The album only landed on the door stop two hours ago so this is not a review. The album is excellent, sound quality is better on songs that deserve the best. They have delivery us iconic songs freshly cleaned up and they deserve a listen.
Instead of a review (I would need to live with the album a couple of days more for that) here is a short explanation of the start of Toto and why these songs did not get the fair listen they deserved when released.
"Alone" is the first track to celebrate Toto’s 40 trips around the sun, written by the core Toto members: David Paich, Steve Lukather, Steve Porcaro and Joseph Williams. Brothers Jeff and Mike Porcaro would have completed the original musicians but Jeff died of a heart attack in 1992 and Mike from ALS in 2015. As friends and band mates they go all the way back to high school days in LA with regular garage jams in the Porcaro’s backyard for despite the label that they were “merely studio players”, they started in High School where they formed two generations of a Grant High School band called Rural Still Life and then Still Life.
Proud parents of Toto members include, Marty Paich, Joe Porcaro and John Williams, parents of five of the members so the Toto boys were no strangers to good musicianship having probably been babes-in-arms burped to complicated jazz rhythms. Having godparents like Emil Richards could not have hurt Jeff Porcaro and his love of music. Jeff began playing professionally while a student at Grant High School in California's San Fernando Valley. Still in his teens and short of graduating HS Jeff became the drummer for "The Sonny & Cher Show." Meanwhile teen David Paich was earning an Emmy award for “BEST SONG OR THEME – 1974” for his work on Ironside by NBC. This led to all of them individually breaking into the rarefied air of LA session musicians. Yet early success seemed to get them labelled as having not “paid their dues”, where did that label come from? Not from fellow musicians (sorry Elvis Costello, I will return to you later), it came first of all from a small band of journalist led by Robert Hilburn of the Los Angeles Times who wrote; “Nothing’s gained from listening to Toto” (Feb 4, 79). Early success thus saw them labelled as a slick “studio band”, a lie seeing as they were cut from the garage jams of Rural Still Life.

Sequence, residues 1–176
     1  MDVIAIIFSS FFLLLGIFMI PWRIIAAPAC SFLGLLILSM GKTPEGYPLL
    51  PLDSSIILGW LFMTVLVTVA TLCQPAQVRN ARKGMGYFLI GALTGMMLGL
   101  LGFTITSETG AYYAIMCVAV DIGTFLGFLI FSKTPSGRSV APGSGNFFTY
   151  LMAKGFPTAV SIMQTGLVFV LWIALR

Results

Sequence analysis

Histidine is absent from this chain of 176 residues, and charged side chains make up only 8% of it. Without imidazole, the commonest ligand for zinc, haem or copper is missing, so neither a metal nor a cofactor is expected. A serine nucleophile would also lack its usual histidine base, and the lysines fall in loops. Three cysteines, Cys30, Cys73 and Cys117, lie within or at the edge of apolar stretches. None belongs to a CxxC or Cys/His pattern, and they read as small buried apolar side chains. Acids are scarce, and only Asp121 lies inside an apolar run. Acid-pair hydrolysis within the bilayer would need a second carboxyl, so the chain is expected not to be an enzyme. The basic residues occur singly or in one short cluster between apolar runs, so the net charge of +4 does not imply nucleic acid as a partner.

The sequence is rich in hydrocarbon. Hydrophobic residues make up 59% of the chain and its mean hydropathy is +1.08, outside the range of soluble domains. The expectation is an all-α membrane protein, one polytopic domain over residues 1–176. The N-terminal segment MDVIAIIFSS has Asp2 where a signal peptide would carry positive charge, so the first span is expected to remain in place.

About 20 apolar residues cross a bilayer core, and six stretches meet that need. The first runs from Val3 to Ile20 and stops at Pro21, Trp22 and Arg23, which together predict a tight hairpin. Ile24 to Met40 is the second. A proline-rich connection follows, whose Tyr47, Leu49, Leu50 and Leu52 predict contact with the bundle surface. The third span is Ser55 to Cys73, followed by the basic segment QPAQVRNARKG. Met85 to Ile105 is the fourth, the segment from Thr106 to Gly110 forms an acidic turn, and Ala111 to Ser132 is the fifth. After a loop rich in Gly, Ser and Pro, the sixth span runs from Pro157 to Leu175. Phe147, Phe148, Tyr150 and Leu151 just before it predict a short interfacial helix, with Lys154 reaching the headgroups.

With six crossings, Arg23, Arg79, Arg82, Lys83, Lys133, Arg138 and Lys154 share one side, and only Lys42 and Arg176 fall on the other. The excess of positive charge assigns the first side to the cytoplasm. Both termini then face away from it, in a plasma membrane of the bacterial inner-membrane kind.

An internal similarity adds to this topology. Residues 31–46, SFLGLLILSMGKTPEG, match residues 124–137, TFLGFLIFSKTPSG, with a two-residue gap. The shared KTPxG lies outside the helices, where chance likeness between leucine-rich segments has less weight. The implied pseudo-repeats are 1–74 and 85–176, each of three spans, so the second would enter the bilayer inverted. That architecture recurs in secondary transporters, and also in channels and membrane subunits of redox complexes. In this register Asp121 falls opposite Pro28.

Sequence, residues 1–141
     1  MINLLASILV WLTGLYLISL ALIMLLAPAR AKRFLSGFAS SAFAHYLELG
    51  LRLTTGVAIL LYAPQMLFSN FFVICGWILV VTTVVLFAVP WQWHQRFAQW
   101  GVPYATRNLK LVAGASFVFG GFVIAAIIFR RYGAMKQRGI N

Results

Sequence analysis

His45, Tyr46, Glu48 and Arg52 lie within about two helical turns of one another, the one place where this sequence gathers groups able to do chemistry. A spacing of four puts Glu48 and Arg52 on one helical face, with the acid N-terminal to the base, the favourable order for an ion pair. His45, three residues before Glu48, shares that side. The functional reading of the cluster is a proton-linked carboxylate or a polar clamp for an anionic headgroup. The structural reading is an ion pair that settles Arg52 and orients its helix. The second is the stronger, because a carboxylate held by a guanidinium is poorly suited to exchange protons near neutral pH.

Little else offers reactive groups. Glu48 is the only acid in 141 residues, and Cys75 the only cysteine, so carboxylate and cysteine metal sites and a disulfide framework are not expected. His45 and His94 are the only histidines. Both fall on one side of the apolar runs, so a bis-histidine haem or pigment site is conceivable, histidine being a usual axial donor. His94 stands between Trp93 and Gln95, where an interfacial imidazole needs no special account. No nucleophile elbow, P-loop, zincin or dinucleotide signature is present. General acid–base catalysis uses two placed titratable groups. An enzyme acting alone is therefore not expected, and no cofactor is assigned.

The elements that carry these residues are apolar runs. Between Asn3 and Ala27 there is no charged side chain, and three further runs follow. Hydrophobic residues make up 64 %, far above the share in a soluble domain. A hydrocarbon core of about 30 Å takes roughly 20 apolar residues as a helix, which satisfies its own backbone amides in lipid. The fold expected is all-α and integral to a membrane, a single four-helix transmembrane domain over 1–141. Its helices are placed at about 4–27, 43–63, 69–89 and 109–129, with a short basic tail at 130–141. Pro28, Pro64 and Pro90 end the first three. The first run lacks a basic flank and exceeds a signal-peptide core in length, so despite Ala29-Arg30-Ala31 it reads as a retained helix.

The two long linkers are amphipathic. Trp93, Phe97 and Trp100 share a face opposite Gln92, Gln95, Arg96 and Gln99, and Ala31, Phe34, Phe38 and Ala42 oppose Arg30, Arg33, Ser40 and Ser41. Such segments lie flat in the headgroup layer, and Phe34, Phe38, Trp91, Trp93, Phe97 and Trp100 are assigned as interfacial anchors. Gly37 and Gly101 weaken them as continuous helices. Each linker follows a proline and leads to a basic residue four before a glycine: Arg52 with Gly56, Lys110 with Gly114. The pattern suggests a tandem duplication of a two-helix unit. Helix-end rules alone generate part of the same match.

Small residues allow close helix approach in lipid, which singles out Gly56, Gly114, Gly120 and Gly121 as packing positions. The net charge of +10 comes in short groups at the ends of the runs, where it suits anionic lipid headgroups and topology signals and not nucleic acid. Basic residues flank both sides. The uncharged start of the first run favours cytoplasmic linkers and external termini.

The same time Toto emerged so did the punk movement, that also created a sort of backlash against musicians who really could play and Toto were sometimes the recipients of this negative feedback. It made Steve crazy that he had worked all his life on learning how to play the guitar and now that was looked down upon. Punk was a fashion and a movement, music was not its top priority, despite some excellent music coming out of it. Into a music world where punk was “cool” (irony), Toto were an easy group to hate. Toto have always been about the music, that was priority 1, 2 and 3, being seen in the right places with the right clothes, posing for the right in vogue photographer with the right model on your arm were not consideration to be weighed against music.
This album takes some of the great music Toto have made, re-masters it and polishes songs that deserve an audience.
By: Craig Bach